– Anticipate, monitor and predict at appropriate scales. We need to look a long way into the future to determine the feasibility of large-scale interventions and make sure we do not block our options down the line. Large-scale interventions can have an impact well outside the immediate locality. All this means that we must explore adaptation options and develop pathways to prepare for sustainable investment decisions that can be implemented when needed. To understand the impacts of interventions beforehand, and to track impacts during and after implementation, we need to monitor and predict at very large spatial scales and look at much longer periods of time.
Crucial research requirements for a sound scientific basis
First of all, we scientists must think differently about the added value of our services. We need large-scale experiments, and even accept experiments with a substantial failure probability. Given our lack of time to adapt to climate change, the challenge for both science and policy will be to go forward with initial research findings rather than waiting for conclusive evidence.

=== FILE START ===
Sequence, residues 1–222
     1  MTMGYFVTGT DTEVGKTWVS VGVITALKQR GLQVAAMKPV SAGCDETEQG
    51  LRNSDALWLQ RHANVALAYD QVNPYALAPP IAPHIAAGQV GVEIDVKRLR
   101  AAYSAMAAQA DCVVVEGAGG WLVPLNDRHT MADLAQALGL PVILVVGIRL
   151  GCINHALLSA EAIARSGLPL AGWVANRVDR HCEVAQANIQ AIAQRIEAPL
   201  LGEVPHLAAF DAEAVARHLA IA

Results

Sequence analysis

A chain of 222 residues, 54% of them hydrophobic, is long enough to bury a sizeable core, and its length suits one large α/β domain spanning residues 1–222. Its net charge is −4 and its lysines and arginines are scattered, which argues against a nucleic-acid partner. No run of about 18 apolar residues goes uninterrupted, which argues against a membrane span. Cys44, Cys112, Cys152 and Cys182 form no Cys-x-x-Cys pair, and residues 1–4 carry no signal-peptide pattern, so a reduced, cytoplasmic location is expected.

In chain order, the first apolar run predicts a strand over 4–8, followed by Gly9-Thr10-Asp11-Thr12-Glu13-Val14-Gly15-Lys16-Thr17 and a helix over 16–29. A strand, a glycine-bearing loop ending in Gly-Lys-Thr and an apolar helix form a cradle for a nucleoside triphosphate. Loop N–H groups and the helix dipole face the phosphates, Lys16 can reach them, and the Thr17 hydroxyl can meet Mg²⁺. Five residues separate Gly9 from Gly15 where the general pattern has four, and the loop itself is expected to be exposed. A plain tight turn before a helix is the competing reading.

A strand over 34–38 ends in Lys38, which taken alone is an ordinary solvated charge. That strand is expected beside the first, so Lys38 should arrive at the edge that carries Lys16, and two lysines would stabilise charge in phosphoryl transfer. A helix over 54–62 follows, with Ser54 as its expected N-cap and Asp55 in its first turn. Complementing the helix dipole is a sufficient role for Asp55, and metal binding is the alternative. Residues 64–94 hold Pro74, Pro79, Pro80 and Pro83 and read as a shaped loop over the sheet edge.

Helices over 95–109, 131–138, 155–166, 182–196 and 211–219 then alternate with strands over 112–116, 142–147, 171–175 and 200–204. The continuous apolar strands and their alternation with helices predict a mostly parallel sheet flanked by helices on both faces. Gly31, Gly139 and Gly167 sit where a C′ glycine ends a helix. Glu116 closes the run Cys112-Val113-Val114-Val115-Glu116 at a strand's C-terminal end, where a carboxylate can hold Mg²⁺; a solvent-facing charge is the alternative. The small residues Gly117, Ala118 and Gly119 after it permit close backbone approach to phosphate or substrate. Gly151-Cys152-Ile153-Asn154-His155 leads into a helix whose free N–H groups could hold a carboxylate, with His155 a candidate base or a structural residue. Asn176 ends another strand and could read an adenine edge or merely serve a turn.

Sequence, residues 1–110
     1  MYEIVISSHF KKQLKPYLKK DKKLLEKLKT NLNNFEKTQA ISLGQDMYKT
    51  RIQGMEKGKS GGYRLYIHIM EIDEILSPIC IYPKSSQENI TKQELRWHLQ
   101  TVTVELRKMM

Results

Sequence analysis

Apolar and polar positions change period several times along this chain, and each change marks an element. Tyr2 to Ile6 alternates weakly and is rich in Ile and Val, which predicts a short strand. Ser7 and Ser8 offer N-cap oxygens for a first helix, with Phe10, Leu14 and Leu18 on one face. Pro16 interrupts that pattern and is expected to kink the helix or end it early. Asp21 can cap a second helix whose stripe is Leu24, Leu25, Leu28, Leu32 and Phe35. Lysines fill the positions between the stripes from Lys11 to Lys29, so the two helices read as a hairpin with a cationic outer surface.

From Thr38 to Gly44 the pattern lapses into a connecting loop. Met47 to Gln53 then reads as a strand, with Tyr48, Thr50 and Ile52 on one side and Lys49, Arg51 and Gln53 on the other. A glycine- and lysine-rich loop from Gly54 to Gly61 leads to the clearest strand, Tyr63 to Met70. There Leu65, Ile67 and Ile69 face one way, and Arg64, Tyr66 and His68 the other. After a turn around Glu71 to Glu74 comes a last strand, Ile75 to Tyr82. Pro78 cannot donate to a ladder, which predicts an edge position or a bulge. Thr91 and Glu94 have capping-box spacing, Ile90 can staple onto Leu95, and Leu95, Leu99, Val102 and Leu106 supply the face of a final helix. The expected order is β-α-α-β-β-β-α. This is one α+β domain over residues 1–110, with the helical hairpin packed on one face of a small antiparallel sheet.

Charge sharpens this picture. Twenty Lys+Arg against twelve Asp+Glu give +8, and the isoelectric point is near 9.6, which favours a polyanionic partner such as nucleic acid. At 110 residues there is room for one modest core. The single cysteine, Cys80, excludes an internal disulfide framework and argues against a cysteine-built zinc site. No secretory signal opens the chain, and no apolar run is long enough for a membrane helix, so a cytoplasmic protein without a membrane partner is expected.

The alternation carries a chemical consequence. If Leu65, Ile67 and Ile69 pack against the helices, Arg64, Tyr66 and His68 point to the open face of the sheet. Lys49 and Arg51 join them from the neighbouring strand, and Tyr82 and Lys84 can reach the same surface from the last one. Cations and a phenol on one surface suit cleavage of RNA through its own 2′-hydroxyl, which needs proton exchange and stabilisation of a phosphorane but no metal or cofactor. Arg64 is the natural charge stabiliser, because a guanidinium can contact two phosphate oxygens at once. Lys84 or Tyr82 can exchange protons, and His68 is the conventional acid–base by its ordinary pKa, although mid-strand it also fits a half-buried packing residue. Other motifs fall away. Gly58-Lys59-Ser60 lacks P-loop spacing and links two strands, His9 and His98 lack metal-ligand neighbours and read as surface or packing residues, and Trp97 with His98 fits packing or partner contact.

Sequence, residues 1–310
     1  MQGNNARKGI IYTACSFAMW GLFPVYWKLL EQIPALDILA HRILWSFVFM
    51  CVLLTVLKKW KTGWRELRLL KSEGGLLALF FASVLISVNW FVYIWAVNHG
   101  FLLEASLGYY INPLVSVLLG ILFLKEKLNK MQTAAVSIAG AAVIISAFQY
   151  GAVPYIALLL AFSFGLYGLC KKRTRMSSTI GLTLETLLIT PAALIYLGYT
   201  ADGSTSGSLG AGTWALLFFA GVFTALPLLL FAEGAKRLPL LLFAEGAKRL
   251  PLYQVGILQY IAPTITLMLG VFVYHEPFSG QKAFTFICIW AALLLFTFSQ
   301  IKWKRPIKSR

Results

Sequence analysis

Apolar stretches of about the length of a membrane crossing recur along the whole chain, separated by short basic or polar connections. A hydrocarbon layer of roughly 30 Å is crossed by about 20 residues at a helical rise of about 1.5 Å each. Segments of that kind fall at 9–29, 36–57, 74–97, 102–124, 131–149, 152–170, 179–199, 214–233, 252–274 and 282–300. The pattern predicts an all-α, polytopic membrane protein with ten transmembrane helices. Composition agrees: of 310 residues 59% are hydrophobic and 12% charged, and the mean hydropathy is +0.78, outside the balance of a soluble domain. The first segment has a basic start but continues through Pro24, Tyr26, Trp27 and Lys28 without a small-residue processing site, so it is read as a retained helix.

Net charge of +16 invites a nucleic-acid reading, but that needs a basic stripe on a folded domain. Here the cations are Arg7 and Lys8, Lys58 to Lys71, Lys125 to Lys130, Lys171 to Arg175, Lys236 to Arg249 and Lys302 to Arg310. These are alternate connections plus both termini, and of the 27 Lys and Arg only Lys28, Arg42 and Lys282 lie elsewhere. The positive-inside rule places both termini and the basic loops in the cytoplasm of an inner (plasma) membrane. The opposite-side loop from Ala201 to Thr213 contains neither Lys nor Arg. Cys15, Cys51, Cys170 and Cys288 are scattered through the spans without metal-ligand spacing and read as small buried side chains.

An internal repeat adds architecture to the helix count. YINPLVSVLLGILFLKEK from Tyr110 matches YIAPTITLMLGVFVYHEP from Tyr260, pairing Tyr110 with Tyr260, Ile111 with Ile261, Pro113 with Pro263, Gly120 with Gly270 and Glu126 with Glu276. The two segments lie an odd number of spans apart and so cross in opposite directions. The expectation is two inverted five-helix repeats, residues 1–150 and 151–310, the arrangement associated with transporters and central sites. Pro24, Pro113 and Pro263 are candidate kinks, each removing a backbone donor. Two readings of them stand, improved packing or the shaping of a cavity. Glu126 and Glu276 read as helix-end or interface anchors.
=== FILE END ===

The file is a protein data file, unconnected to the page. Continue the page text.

Secondly, data and computer science must combine forces with the climate, earth system and environmental sciences. This will empower a leap forward in terms of predicting the impact of nature-based solutions at a large scale in an integrated way. In turn, a generation of scientists with more multidisciplinary experience will be established; they will be better prepared to face the inevitable environmental challenges of the future.
Finally, targeted research of this kind requires much more, internationally-organised, co-funding. We advocate the establishment of a large international research and development fund in the order of one per cent of the investment required to achieve the SDGs ($5-7 trillion) and the targets of the Paris Agreement ($100 billion per year for adaptation). By fostering targeted research and development, we can use our limited resources in much more informed ways to achieve the maximum positive impact, save billions in unnecessary climate-related damage and dramatically reduce suffering around the world.
About the author
Professor Dr Jaap Kwadijk is science director of Deltares, an applied research institute in the Netherlands. He is also professor for Climate and Water management at the University Twente. E-mail: Jaap.firstname.lastname@example.org